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The Highlander Principle

> I agree 100%.  Too many choices in programming language design are
> mutually exclusive (in practice, if not always in theory) for me to
> believe in the One True Uberlanguage.  But 700 is surely too many. 
> I'd guess that the number should be more like 100, and should be
> proportional to the number of existing programming paradigms with a
> fairly small multiplicative constant.
> Mike

Greetings All,

    Granted we won't see the One True Uberlanguage (although I'm trying
to come as close as humanly possible with Clear), but perhaps we could
at least try to normalize the semantics of each language's notation.

    It is all too easy to glance at code in a language one doesn't use
regularly, see a familiar looking notation and forget that it represents
semantics at variance from those of one's language of choice.

    This is why, in my humble opinion, the encoding redundancy of a more
verbose constrained natural language oriented notation offers superior
comprehensibility and long term maintainability to terse mathematically
oriented symbolic representations. Note that I am not suggesting that a
programmer ought not be able to use such constructs as shorthand, merely
that the resulting code should be normalized to an explicit canonical
form that is not dependent on the reader's having memorized a
language-specific lexicon and grammar of symbolic transformations.

    In cases of C and (to an even greater degree) APL, code can be quite
dense and convey considerable algorithmic content to the trained eye in
minimal space. But even with a copy of "Code Reading" in hand, wading
through such source code can be extremely painful and require extensive
mental computation on the part of the reader.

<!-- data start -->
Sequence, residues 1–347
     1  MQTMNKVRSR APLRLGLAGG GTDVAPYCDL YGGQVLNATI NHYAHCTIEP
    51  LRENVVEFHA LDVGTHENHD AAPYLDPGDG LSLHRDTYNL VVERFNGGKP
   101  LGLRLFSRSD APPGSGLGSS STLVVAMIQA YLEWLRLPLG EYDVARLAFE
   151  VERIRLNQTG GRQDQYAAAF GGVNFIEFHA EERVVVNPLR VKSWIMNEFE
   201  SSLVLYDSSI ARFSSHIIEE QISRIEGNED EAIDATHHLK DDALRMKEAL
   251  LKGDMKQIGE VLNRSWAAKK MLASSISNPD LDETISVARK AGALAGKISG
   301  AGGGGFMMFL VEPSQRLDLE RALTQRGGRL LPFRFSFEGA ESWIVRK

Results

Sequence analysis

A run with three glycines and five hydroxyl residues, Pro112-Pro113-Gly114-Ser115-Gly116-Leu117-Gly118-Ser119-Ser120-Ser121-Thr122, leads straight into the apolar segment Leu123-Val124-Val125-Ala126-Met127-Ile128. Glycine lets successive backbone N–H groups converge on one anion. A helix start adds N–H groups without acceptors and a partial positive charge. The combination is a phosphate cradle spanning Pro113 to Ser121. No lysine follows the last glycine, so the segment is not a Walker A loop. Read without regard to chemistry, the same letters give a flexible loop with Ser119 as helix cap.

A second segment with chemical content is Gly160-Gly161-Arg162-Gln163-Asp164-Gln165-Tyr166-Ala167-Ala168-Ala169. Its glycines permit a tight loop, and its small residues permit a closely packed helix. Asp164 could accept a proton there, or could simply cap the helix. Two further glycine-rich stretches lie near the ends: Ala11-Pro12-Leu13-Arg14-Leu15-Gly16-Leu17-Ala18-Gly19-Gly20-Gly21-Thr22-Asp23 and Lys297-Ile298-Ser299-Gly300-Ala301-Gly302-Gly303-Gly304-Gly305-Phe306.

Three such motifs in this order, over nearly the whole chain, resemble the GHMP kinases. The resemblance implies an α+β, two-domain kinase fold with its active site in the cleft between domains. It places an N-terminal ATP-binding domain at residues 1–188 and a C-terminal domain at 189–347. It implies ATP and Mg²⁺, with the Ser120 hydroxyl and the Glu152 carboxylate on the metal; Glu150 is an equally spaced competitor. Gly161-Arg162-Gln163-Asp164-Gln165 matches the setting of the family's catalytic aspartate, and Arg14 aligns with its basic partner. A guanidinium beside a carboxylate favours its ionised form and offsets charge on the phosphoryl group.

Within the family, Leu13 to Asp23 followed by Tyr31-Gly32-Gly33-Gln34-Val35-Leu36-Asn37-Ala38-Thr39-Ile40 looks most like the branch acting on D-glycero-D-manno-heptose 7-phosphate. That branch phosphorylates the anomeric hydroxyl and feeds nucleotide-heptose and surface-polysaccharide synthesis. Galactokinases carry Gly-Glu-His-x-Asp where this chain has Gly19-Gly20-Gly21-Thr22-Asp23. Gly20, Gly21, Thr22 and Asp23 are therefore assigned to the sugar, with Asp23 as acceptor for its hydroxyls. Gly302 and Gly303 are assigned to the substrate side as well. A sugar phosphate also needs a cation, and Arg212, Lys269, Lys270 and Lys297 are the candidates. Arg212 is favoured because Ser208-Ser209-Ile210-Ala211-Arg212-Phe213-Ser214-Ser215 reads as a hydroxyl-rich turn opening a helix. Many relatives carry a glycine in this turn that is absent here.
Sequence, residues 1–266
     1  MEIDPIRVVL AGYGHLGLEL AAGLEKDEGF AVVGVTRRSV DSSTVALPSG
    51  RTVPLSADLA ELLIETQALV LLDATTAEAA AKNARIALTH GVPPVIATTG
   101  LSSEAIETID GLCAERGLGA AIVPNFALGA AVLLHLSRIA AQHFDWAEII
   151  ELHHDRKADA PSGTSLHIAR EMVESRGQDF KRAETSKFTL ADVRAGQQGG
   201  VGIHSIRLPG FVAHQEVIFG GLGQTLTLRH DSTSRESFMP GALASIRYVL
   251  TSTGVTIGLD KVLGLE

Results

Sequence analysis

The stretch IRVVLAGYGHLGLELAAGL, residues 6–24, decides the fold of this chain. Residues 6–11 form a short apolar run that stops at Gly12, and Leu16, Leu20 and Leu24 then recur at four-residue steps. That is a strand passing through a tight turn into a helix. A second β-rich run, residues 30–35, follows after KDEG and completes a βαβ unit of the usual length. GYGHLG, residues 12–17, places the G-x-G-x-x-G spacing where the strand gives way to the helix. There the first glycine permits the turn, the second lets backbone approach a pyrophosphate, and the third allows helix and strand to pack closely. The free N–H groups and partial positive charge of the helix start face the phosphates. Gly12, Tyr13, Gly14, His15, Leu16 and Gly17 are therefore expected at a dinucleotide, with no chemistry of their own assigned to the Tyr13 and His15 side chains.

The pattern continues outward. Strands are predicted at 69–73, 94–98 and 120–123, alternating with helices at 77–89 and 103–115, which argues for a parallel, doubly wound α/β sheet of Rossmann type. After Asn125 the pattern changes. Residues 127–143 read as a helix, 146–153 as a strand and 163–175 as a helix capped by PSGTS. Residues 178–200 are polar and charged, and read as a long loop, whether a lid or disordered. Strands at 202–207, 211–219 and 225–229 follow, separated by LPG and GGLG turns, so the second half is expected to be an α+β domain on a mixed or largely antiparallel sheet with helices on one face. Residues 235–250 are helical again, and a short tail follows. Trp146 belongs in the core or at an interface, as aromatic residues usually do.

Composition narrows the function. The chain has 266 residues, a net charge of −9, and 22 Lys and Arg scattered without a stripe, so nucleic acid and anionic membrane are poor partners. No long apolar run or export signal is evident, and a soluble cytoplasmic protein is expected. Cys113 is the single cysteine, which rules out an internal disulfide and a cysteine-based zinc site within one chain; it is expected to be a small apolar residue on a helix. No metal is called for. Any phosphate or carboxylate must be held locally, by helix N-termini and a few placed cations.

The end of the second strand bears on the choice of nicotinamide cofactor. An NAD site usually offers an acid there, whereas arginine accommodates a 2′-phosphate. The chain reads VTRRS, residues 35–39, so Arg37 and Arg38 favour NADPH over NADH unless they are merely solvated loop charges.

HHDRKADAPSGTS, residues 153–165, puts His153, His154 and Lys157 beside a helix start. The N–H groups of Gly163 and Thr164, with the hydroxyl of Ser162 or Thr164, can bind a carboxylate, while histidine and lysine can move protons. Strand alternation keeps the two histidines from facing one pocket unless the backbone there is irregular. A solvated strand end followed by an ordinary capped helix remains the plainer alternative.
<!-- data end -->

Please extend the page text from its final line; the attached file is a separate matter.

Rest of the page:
Moreover, the more new programming and scripting language designers
try to wrap variant semantics in identical *looking* notations, the
greater the likelihood of misinterpretation and elusive logic errors.

    In essence, in an ideal world, alternate semantics (the substantive
reason for one's desire to experiment with coding in The Next 700
Languages) should be explicitly factored out (ie. flagged by name) in a
canonical notation into which any new syntactic constructs can be

    But as for that canonical notation - the meta language (or
interlingua if you will) to which the adept of any of our schools of
expression should be able to turn to understand the work of a colleague
whose language of choice might otherwise resemble Etruscan - "There Can
Be Only One"!

    Then our development environments can much more effectively augment
our code reading ability and we can free up the sizable chunk of our
brains that has been emulating multiple compliers for use in designing

Warmest Regards,


* Extra points for spotting the references alluded to herein.


Peter J. Wasilko, Esq.
     J.D., LL.M.               

Executive Director, The Institute for End User Computing, Inc.

Visit us on the web at: http://www.ieuc.org


Its time to abandon brittle architectures with poorly factored
interfaces, gratuitous complexity, and kludged designs dominated
by sacrifices on the altar of backwards compatibility.

Such artifacts are vulnerable to cyber-attack, weigh down the
economy costing trillions of dollars in lost productivity, and
suffer from an impoverished conceptual model that lacks the
integration and elegance needed to empower end users to
get the most from advanced applications in the future.

The Institute for End User Computing --- Pursuing Secure, Simple, 
   Supple, & Sophisticated Systems to Unlock Our Human Potential

* The Institute is incorporated under New York State's
   Not-For-Profit Corporation Law